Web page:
Augmenting antidepressants with folate: a clinical perspective
by
Fava M.
Depression Clinical and Research Program,
Massachusetts General Hospital,
Harvard Medical School,
Boston, MA 02114, USA.
mfava@partners.org
J Clin Psychiatry. 2007;68 Suppl 10:4-7.


ABSTRACT

The goal of treatment of depression is full remission, but only a minority of patients will achieve full remission with antidepressant monotherapy. Several forms of augmentation have been found to improve the effect of antidepressants, but in some cases, issues of safety and tolerability may be of concern. Folate in particular has been found to further reduce symptoms in patients with depression when used in conjunction with an antidepressant, and because folate is a water-soluble B vitamin, its safety and tolerability are well established. This strategy would typically be used in patients with low plasma or red blood cell folate levels. Folate augmentation may be used (1) to enhance the efficacy of antidepressants in nonresponders, (2) to enable those who partially respond to antidepressant monotherapy to achieve remission, and (3) to alleviate residual symptoms during antidepressant treatment.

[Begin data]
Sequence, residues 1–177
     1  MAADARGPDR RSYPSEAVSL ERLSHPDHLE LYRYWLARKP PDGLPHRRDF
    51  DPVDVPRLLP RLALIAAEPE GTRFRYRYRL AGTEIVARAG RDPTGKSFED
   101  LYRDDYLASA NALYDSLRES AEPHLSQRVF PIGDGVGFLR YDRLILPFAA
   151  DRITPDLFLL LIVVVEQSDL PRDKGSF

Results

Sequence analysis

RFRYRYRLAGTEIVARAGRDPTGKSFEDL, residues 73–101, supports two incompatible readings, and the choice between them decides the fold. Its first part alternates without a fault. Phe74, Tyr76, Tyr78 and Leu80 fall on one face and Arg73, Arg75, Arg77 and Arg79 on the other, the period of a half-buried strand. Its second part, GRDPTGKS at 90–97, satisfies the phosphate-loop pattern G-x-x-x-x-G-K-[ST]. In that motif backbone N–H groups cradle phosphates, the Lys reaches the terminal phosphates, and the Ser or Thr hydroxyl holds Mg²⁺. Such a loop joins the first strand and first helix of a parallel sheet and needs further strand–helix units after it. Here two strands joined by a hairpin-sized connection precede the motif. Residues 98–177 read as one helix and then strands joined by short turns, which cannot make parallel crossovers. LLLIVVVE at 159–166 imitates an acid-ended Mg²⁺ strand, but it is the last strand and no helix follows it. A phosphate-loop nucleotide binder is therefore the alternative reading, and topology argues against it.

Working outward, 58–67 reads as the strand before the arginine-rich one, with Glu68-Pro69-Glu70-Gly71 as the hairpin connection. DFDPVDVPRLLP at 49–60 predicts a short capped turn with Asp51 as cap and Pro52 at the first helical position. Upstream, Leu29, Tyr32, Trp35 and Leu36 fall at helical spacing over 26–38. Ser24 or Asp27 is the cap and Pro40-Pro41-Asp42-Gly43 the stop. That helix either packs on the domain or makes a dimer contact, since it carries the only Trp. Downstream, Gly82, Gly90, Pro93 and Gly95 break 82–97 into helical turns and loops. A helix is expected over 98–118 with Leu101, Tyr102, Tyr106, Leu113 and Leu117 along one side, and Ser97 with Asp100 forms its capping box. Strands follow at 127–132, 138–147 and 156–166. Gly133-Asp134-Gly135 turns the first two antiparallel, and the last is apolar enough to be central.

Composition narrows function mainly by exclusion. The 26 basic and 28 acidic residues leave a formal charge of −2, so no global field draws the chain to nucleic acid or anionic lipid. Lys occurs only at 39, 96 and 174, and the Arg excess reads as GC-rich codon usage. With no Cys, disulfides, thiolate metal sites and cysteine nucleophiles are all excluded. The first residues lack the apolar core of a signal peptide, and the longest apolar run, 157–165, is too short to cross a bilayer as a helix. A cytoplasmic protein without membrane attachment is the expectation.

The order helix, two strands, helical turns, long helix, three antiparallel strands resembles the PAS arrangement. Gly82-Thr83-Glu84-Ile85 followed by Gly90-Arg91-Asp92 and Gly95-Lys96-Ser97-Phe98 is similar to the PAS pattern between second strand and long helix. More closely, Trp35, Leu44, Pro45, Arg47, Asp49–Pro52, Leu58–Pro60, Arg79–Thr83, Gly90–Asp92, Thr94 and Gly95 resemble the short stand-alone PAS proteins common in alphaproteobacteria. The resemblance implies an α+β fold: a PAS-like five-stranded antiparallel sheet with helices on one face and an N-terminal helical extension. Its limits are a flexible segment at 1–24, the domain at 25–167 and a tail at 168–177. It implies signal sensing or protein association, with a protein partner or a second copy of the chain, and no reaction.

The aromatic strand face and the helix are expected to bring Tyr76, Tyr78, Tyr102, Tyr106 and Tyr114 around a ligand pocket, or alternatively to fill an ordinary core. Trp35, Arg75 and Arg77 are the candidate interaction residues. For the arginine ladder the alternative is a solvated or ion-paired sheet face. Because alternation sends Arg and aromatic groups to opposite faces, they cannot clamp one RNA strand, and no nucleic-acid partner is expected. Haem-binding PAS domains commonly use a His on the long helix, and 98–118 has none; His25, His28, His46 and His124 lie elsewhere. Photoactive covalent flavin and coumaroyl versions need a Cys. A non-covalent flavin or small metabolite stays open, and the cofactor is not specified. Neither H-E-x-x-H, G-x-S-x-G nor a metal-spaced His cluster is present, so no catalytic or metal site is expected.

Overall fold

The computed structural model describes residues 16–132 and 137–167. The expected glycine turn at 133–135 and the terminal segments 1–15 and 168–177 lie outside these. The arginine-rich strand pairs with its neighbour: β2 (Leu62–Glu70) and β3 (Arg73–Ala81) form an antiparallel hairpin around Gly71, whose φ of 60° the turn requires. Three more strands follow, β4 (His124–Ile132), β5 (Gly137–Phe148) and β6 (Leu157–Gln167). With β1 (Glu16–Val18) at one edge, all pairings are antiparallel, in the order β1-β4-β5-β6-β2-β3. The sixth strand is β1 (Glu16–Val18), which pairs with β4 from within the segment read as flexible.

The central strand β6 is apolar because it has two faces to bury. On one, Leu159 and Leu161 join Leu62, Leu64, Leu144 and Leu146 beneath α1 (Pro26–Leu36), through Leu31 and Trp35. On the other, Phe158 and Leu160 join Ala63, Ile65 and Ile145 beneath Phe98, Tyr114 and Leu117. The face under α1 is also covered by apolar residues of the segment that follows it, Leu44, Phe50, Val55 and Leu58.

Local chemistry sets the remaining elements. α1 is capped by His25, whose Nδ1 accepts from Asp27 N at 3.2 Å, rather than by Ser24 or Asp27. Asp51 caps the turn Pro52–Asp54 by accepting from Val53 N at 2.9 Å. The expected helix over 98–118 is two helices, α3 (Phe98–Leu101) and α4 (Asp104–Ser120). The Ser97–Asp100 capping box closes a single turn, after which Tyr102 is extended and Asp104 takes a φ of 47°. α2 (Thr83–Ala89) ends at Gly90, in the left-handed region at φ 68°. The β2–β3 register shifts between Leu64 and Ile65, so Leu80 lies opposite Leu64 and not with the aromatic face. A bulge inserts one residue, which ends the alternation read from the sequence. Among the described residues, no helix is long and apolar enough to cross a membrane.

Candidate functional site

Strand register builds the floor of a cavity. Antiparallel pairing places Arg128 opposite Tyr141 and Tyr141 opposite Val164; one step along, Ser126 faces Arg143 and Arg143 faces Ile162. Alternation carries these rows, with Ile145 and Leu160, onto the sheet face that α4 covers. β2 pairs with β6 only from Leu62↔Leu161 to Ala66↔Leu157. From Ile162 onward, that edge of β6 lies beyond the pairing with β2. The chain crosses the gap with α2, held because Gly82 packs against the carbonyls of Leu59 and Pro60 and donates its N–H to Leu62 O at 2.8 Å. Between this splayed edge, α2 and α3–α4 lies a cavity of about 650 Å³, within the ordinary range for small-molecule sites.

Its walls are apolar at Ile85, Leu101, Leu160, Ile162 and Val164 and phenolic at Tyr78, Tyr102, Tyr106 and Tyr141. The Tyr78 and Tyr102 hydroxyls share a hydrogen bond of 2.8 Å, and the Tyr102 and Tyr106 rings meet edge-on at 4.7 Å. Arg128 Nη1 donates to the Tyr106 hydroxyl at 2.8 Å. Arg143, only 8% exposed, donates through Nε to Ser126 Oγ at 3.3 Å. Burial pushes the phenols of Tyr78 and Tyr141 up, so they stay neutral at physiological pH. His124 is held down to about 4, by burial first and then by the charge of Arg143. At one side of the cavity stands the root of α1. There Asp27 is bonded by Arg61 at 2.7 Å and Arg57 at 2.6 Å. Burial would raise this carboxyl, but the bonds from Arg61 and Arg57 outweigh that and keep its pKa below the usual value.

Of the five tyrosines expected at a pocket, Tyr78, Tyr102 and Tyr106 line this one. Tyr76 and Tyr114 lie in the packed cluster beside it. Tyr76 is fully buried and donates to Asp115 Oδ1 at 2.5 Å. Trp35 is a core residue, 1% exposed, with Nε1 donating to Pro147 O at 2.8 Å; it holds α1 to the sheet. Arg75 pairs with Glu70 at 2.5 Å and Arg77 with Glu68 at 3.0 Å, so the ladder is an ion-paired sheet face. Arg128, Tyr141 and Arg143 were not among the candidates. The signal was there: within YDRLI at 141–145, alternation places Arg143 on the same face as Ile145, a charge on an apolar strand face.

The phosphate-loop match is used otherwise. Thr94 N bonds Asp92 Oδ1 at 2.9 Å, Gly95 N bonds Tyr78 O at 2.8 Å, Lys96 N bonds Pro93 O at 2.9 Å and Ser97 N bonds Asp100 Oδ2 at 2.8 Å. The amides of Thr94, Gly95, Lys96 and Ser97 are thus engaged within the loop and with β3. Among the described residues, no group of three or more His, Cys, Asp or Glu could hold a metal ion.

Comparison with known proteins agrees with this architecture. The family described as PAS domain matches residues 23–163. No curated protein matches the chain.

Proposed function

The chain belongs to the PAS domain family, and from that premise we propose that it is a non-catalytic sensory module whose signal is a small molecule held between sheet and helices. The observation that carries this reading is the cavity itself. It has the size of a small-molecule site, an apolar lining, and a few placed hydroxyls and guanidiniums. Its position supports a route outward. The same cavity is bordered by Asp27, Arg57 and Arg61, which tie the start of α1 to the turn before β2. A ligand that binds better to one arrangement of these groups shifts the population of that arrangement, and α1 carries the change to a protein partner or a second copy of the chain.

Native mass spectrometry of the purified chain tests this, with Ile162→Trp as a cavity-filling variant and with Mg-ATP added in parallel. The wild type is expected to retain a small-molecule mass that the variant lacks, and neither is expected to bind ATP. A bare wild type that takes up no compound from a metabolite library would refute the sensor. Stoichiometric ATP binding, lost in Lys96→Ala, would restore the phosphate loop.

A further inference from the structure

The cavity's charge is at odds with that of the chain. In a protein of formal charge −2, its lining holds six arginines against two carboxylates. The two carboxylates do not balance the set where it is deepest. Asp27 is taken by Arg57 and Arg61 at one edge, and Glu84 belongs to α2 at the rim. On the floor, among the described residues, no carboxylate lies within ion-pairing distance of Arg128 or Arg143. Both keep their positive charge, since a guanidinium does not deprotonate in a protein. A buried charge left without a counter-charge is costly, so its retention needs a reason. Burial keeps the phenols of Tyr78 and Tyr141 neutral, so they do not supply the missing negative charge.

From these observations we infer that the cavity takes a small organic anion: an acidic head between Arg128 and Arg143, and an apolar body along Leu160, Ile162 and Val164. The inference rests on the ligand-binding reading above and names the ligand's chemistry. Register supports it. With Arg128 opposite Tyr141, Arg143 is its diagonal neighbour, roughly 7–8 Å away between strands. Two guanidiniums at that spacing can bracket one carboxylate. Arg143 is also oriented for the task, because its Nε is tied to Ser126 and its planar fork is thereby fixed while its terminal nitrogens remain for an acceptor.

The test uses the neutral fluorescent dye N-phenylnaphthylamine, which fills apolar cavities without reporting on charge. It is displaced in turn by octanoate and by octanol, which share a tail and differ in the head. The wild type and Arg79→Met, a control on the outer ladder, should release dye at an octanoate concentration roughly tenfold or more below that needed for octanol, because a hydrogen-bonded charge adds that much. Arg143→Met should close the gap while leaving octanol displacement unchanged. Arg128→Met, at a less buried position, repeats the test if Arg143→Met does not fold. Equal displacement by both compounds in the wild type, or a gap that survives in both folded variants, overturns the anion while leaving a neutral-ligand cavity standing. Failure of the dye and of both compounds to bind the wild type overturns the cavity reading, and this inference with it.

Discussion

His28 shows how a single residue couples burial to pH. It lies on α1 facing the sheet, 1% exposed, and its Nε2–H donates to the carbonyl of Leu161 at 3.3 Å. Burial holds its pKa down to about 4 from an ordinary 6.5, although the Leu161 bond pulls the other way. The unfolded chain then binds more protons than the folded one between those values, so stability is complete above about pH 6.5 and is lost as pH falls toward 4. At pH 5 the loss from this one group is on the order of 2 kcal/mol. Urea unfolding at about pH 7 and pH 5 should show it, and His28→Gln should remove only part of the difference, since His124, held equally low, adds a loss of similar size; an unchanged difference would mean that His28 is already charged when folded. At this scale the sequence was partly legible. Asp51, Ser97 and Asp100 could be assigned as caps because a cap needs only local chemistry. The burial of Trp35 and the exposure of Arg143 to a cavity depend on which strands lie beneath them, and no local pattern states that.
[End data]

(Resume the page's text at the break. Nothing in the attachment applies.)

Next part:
B12
SAMe
NADH
Nutrition
Selenium
Magnesium
Natural drugs
Nutritional psychiatry
Folate and depression
Folate as an antidepressant
Folic acid plus fluoxetine (Prozac)
Antidepressant folic acid and the opioid system
Antidepressant efficacy of folic acid supplementation
Folic acid and PUFAs prevent depression and dementia
Does folic acid improve the efficacy of antidepressants?
Low folate intake increases risk of recurrent depression in men


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